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Feature Request: add Get Queue Status method

I think it would be useful to have the Get Queue Status VI available also for the DQMH message queue object, like this:

 

Screenshot 2017-10-02 10.41.55.png

Is there any specific design decision for which this was not implemented yet?

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I'm going to guess the reason it wasnt implemented is that there's explicit need for it in the basic DQMH. That said, I have implemented something similar (with some extension beyond it) in a child class of the delacor message queue (or whatever the actual name of the class is!

 

I have a monitoring version of the class which maintains a "queue status", or more usefully, the activity status of the message handling loop (i.e. busy or idle). I extended the basic delacor class with a "queue status" method which calls the get queue status VI to get the number of elements left in the queue after a message has been handled. (I also override the dequeue message.vi). I'm hoping to write up what I did and either post it here or somewhere for general viewing.

 

So, although its not there directly, it's relatively straightforward to add the functionality if you need it, and I think it should be possible to update the DQMH template or use your own template to use a child class implementation by default (Fab - help me out here!)

 

Paul 

 

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@psmorris wrote:

 

 

So, although its not there directly, it's relatively straightforward to add the functionality if you need it, and I think it should be possible to update the DQMH template or use your own template to use a child class implementation by default (Fab - help me out here!)

 

Paul 

 


Paul,

 

Thanks for sharing your solution with us. I am looking forward to that post (hint, hint) 😉

 

Information on how to create a custom template can be found here: 

http://delacor.com/documentation/dqmh-html/DQMHDocumentation.html?AddingaNewDQMHModulefromaCustomT.h...

 

For DQMH 4.0 (currently in Beta), the scripting tools do work if you have your own child of the DQMH queue class. The current release version has a bug where you would have to temporarily go back to having the parent queue on the wire when creating new events.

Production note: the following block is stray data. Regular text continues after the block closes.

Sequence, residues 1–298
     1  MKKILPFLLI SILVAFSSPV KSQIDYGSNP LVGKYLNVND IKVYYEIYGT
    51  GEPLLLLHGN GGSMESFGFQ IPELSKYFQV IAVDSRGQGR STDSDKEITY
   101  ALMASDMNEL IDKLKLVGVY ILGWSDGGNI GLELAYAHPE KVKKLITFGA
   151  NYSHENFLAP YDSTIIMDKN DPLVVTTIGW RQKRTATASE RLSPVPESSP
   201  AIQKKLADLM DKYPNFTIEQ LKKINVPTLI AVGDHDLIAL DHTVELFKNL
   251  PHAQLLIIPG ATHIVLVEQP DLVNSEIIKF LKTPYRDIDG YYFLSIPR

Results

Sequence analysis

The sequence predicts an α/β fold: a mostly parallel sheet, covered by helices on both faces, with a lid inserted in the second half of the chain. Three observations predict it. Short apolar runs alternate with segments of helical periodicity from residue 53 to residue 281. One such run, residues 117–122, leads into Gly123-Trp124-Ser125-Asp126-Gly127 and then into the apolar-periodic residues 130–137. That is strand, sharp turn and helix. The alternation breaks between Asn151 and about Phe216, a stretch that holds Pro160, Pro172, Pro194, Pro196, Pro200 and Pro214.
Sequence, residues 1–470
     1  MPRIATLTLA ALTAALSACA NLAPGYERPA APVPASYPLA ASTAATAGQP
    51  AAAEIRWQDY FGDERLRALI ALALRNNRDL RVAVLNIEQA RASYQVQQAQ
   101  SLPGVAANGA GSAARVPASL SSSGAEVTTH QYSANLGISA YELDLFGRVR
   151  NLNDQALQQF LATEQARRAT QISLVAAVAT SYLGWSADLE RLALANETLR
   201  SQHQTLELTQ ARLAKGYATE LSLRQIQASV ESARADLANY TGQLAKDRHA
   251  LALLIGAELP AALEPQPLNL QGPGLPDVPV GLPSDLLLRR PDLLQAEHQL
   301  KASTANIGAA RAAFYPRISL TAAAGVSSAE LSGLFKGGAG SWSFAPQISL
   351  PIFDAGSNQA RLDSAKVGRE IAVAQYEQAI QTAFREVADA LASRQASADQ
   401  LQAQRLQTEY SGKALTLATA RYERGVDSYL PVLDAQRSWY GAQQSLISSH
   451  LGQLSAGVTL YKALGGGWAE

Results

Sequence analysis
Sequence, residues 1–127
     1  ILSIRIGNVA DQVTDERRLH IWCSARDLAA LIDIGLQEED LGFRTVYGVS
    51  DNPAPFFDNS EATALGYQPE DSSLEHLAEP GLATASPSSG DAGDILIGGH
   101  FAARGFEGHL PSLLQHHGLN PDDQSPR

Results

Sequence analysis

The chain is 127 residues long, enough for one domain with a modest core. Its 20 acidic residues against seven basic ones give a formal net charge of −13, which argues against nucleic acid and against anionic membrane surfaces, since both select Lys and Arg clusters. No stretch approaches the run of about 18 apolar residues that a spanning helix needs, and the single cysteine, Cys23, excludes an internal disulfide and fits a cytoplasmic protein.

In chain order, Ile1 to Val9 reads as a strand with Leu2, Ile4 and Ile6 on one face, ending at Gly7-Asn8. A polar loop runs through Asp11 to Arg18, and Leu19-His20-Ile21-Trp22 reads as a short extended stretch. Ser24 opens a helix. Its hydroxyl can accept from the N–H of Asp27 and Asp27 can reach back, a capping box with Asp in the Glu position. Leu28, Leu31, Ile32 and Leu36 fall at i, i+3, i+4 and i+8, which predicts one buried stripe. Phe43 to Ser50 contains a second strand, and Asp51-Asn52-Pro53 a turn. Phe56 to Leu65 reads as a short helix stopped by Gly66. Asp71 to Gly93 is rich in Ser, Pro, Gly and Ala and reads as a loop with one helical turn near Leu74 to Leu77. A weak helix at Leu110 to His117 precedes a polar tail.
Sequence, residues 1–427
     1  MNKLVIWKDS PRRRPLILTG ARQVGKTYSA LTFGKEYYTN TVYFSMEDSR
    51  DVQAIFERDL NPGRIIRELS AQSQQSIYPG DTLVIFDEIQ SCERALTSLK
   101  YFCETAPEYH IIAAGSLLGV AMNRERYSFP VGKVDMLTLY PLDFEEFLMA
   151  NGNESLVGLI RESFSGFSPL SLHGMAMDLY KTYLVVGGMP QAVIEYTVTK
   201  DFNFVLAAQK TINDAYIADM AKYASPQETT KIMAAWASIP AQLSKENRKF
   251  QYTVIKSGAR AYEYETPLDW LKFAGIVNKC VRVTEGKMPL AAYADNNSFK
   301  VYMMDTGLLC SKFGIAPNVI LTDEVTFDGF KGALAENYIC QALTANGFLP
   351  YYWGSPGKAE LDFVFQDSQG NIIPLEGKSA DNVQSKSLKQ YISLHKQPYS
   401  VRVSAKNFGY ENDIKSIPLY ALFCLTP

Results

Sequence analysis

Fab

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Sorry for coming back in on this after a long time...

 

The idea of creating a child class of the Delacor message queue at the moment seems messy to me, especially since, as Fab said, the scripting tools do not work with such a custom class in the present DQMH version. And I cannot see any workaround since I cannot extract the original LabVIEW queue from the Message queue object since it's private to the class.

 

I would actually find it very useful to have such a functionality in the basic DQMH, and I think it would also be of general interest. For instance, I have a DQMH module that takes care of storing data from a high data-rate source (another DQMH module), and I would like to know if the queue is overloaded and take corresponding action, e.g. temporarily cache the data and write a larger data chunk later, rather than attempting to write each chunk to disk immediately. Am I thinking this wrong? I'm very open to comments/suggestions.

 

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I had a simple (if somewhat ugly) workaround for the scripting tools not working with child classes of the message queue - I stuck a diagram disable structure around the initialise queue VI and could then either enable the original class (meaning the class wire going into the event structure was of the type that the scripting could handle) or enable my override class... 

 

I just had to remember to switch it to the parent when adding events and back to the child the rest of the time... 

 

We have to remember that the DQMH is a framework toolkit that, whilst it works well "out of the box", is really designed to be modified to fit individual needs by the end user. If you find yourself wanting the same feature that you've added in more than one project, you could look into making a new project template as a starting point... 

 

Paul

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Thanks for your prompt feedback Paul, that's a good trick!

 

I still think that DQMH, being a framework based on queues, should include out-of-the-box some kind of basic diagnostic tool on the status of the queue. Just my two cents... I'm no super-duper-LabVIEW hero 🙂

 

Fab, what are your thoughts on my specific request?

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@carlod80 wrote:

 

... especially since, as Fab said, the scripting tools do not work with such a custom class in the present DQMH version...


you could download the DQMH 4.0 Beta version 😉

 


@carlod80 wrote:

I would actually find it very useful to have such a functionality in the basic DQMH, and I think it would also be of general interest. For instance, I have a DQMH module that takes care of storing data from a high data-rate source (another DQMH module), and I would like to know if the queue is overloaded and take corresponding action, e.g. temporarily cache the data and write a larger data chunk later, rather than attempting to write each chunk to disk immediately. Am I thinking this wrong? I'm very open to comments/suggestions.